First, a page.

GOP candidates for Michigan governor meet in 1st debate

From left Republicans gubernatorial candidates Dr. Jim Hines, Michigan state Sen. Patrick Colbeck, moderator Rick Albin, Lt. Gov. Brian Calley, and Attorney General Bill Schuette are seen before the GOP's first debate, Wednesday, May 9, 2018 in Grand Raids, Mich. Schuette emphasized his endorsement from President Donald Trump and his plans to cut taxes and auto insurance rates during a Wednesday night debate hosted by WOOD-TV. Calley touts Michigan's economic gains during his time as Lt. Gov. (Michael Buck/Wood-TV8 via AP, POOL)

By DAVID EGGERT
Associated Press
GRAND RAPIDS, Mich. — Four Republicans running for Michigan governor made their case to voters in their first debate Wednesday night, agreeing on policy points while clashing at times over President Donald Trump, Flint’s water crisis and other issues.
The top two candidates — Attorney General Bill Schuette and Lt. Gov. Brian Calley — offered contrasting pitches in the hourlong debate that was organized by the state GOP and WOOD-TV in Grand Rapids.
Schuette routinely touted his endorsement from Trump and singled out Calley’s decision to withdraw his backing of Trump in 2016. He also cited plans to cut the state income tax and auto insurance rates.
Calley highlighted the state’s economic gains since term-limited Gov. Rick Snyder took office and criticized Schuette for his prosecution of top state officials over the water emergency in Flint.
State Sen. Patrick Colbeck said he is an engineer problem solver and the only candidate who can fire up the GOP grass-roots base, and Dr. Jim Hines called himself a non-politician outsider who would bring a new approach to fixing ills such as third-grade reading scores and roads.
“The president is supporting me and it wasn’t even a close contest, and I appreciate his endorsement,” Schuette said. “Brian, the fact is that in October 2016, you renounced your support of President Trump and look what has happened after President Trump’s election.”
He pointed to the federal tax cuts and the appointment of conservative judges, including Supreme Court Justice Neil Gorsuch.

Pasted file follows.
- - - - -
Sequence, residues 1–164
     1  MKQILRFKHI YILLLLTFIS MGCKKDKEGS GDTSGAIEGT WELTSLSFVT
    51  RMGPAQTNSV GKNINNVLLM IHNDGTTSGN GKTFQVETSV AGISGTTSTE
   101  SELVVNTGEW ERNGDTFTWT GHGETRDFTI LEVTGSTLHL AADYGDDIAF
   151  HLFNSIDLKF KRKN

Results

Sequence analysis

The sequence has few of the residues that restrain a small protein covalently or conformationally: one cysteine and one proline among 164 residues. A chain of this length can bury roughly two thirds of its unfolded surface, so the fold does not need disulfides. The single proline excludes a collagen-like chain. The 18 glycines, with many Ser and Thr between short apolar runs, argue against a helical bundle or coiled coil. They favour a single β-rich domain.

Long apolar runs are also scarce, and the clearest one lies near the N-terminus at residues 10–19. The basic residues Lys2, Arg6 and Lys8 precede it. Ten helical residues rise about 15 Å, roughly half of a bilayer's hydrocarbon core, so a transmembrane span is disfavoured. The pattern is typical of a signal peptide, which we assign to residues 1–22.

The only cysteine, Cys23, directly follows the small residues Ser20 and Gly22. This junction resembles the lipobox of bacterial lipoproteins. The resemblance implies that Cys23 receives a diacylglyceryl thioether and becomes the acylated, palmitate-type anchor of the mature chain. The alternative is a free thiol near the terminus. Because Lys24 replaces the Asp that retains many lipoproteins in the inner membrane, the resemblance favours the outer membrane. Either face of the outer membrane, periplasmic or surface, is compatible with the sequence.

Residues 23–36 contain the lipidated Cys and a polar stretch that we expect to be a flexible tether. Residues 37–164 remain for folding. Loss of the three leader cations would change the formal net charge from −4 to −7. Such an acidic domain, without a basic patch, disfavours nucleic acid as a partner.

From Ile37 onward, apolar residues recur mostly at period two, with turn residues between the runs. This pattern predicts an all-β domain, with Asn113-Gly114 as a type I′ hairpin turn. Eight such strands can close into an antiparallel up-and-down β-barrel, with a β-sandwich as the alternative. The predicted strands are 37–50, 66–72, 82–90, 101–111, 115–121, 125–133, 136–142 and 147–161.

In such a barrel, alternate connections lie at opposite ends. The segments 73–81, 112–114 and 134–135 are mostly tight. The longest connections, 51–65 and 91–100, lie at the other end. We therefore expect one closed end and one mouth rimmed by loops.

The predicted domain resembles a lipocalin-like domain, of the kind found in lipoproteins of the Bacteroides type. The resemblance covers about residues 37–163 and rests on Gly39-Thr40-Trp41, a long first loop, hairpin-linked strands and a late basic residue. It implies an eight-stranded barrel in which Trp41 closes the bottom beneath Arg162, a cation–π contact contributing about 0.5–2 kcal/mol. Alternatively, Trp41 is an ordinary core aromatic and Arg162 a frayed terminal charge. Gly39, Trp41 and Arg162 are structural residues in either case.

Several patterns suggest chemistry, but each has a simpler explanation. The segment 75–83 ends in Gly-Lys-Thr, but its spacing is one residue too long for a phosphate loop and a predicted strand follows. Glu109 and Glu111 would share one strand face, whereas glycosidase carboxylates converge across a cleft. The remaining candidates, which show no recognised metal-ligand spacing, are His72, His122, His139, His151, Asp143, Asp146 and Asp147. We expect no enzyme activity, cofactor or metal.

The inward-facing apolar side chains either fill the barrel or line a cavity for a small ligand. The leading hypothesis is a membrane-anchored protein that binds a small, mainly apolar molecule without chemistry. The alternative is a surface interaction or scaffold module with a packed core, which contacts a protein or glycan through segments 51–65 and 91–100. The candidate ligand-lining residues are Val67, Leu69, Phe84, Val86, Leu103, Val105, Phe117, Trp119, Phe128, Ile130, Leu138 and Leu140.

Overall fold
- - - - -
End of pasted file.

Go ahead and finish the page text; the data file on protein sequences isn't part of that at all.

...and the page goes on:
Calley said he voted for Trump.
“I want to make it clear that I support the president. His success is our success,” he said. Calley pointed to division over Trump within the Republican Party in 2016, “but we all got there when it counted on Election Day and he was elected.” Calley, who renounced his support for Trump due to a video recording in which Trump made crude comments about groping women, added that Schuette initially backed Jeb Bush for president and distanced himself from some of Trump’s statements.
Calley has trailed Schuette in polling in a race in which many voters remain undecided before August’s primary. He went on the attack at times, accusing Schuette of “speaking in platitudes” without an actual plan to address the high cost of auto insurance. He continued to accuse Schuette of having political reasons for prosecuting government officials for Flint’s lead-contaminated water and a Legionnaires’ disease outbreak.
The Snyder administration has been deemed primarily responsible for Flint’s man-made disaster.
Calley said he moved his office to the city to help at the height of the crisis but said Schuette has used it as a “launching pad” in his gubernatorial run.
Schuette countered that his investigation — which has led to charges against 15 former or current government officials — is “all about accountability and justice. Twelve people died in Flint. Kids were poisoned. And to think, with arrogance, that you could try to sweep it under the rug and pretend it didn’t happen … is the height of arrogance.”
Schuette said as governor he would focus on “more jobs and bigger paychecks” and auto insurance rates could be lowered by cracking down on frivolous lawsuits and fraud. He warned that voters cannot afford to “go backwards” and pick a Democrat as a “sequel” to former Gov. Jennifer Granholm, who served before Snyder.
Calley urged voters to elect him to “continue this historic comeback” — citing the addition of 540,000 jobs and a 17-year low in unemployment — and cautioned against choosing “career politicians of the past.”